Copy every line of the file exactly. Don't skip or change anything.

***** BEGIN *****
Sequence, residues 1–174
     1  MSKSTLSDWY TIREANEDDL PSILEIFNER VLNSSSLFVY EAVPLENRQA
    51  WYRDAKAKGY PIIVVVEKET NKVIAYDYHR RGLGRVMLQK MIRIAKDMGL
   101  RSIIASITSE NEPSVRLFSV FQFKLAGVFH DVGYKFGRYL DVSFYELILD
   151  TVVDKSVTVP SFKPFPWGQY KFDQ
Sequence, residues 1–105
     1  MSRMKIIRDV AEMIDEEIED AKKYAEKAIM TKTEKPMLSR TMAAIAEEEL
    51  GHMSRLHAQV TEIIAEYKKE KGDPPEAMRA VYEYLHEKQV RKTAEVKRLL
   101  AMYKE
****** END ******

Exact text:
Sequence, residues 1–174
     1  MSKSTLSDWY TIREANEDDL PSILEIFNER VLNSSSLFVY EAVPLENRQA
    51  WYRDAKAKGY PIIVVVEKET NKVIAYDYHR RGLGRVMLQK MIRIAKDMGL
   101  RSIIASITSE NEPSVRLFSV FQFKLAGVFH DVGYKFGRYL DVSFYELILD
   151  TVVDKSVTVP SFKPFPWGQY KFDQ
Sequence, residues 1–105
     1  MSRMKIIRDV AEMIDEEIED AKKYAEKAIM TKTEKPMLSR TMAAIAEEEL
    51  GHMSRLHAQV TEIIAEYKKE KGDPPEAMRA VYEYLHEKQV RKTAEVKRLL
   101  AMYKE